Animals in danger of extinction in Ecuador: Galapagos albatross

Animals in danger of extinction in Ecuador: Galapagos albatross

Albatross pairs are monogamous and can stay together for more than 30 years. Photo: Archive

Diana Gonzalez
October 6, 2020 – 07h00

On the Spanish island of Galapagos lives one of the largest flying birds in the world: the Galapagos albatross. This animal is very sensitive to human presence and its population is threatened by various factors such as climate change, plant species introduced into its habitat and especially by longline fishing.

The bird goes down to look for food and is caught on the hooks of this fishing technique. Although there are ways to improve the way you fish, it is necessary to raise awareness among fishermen and also in the tour operators, so as not to invade the albatross space.

Some of the animal captures were made at El Pantanal Zoo, at km 23 via Daule, in the Guayas province

Galapagos Albatross

The wavy albatross, also called the Galapagos albatross, is named for the wave-shaped patterns on its wings. The greatest threat to this bird, which is in danger of extinction, is longline fishing, as it gets caught in the hooks when it goes down to the sea to look for food

Galapagos scale location. There are also a few birds on the Isla de la Plata, in Manabí

Between 50 and 80 thousand live on the island of Española, with more than 12 thousand breeding pairs

The only place where albatrosses go in large numbers to breed each year, especially in the center of the island

Albatross migration area: they reach southern Peru and few continue to Colombia and Chile

In flight, they reach speeds of up to 90 km / h

  • A medium-sized man with open arms covers about 1.9 meters.
  • With open wings it can measure up to 2.5 m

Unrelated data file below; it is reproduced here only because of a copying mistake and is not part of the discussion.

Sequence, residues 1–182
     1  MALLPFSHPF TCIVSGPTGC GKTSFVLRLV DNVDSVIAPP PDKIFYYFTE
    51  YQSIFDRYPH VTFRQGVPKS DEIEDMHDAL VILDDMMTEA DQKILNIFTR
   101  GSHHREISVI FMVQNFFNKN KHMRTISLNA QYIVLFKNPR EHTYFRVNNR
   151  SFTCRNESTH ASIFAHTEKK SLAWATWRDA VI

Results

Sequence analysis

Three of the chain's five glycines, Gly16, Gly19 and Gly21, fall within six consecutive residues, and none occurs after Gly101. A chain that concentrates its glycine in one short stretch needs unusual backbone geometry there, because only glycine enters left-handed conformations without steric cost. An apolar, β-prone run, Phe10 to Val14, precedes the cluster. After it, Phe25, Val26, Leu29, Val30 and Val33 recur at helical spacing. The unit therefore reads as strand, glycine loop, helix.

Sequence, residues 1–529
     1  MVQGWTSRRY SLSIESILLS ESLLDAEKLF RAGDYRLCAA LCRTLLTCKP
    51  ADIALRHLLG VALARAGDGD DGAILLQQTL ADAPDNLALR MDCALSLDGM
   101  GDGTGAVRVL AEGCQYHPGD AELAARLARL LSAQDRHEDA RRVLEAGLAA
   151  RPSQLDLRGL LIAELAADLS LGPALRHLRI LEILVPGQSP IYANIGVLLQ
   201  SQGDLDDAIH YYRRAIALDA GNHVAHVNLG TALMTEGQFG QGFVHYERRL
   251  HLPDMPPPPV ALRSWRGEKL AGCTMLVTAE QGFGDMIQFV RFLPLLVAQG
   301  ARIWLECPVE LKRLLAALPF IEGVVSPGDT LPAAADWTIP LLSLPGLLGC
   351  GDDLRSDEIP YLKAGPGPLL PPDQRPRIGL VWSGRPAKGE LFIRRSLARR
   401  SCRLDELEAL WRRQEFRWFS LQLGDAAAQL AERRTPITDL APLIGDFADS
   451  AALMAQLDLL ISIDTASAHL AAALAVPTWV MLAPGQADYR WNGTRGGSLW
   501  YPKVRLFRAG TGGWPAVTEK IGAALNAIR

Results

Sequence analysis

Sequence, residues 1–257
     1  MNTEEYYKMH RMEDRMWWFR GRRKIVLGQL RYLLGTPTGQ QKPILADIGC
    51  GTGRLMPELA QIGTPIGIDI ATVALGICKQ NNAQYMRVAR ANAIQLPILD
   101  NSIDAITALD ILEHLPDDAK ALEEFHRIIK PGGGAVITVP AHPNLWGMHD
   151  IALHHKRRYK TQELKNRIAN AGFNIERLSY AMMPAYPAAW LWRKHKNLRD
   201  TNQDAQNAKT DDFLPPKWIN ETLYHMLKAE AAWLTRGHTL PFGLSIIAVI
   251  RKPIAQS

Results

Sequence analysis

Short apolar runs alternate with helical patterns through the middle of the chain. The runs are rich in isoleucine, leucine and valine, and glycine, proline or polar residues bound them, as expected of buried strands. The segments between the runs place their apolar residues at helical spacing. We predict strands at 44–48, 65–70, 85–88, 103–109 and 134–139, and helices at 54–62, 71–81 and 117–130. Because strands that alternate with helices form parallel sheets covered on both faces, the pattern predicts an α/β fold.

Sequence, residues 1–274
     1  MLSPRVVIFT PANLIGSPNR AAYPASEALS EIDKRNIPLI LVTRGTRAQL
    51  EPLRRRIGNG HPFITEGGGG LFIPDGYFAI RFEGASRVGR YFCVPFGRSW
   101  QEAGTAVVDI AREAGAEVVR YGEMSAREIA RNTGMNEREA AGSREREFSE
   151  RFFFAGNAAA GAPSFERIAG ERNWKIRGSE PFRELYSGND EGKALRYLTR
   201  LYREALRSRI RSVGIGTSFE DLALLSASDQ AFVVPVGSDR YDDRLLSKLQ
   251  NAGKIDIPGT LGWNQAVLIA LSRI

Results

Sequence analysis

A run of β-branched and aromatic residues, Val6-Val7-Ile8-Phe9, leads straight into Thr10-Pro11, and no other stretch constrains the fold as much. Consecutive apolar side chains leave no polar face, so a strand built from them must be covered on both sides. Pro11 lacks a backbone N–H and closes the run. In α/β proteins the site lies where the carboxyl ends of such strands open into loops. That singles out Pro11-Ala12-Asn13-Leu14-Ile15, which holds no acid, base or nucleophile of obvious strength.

• The traveling albatross is the largest flying bird, measuring up to 3.5 m


  • It is the only member of Diomedeidae
  • Lives in the tropics
  • Has a creamy or yellowish neck
  • Receives the name ‘wavy’ due to the pattern of the feathers in adult birds
  • Dark and expressive eyes
  • Long bill with rounded tip
  • Its legs keep it upright, but it sways awkwardly, a movement that exaggerates in courtship
  • Large, webbed feet, which help support it in the water when swimming.
  • Average weight: 2 kilos
  • Life expectancy: 40 years


These birds court each other with a unique dance, including rocking, beak tapping, and flexing expressions, to select their mate for life.

The “courtship” lasts about two years, and they can be together for more than 30 years.

They lay an egg on each landfall. It takes two months to hatch. Both albatrosses hatch it, and when the chick is born, they both feed it.

Its space on land

On Española Island, they nest on rocky ground or in spaces without vegetation.

Years ago, the island was looted by pirates and lost its turtle population, changed its natural balance and became full of vegetation.

Now landing strips and nesting fields are created for albatrosses, facilitating their arrival. In addition, there was a project to repopulate the island with its natural turtles

Diego, of the Chelonoidis hoodensis species, helped repopulate Española Island.

In 2021, a comprehensive census will be carried out throughout the island to determine the number of individuals and colonies.

In Isla de la Plata, there are currently only two couples and other solitary individuals. Despite this, it is believed that it would be a viable habitat alternative.

The main threats are:

  • Longline fishing
  • Changes in vegetation
  • Human presence
  • Fishermen can be taught to improve technique


  • Rodents and predators
  • Climate change
  • Diseases
  • Loss of habitat and contamination

Informing and sharing news on marine life, flora, fauna and conservation in the Galápagos Islands since 2017
© SOS Galápagos, 2021


Leave a Reply

Fill in your details below or click an icon to log in: Logo

You are commenting using your account. Log Out /  Change )

Facebook photo

You are commenting using your Facebook account. Log Out /  Change )

Connecting to %s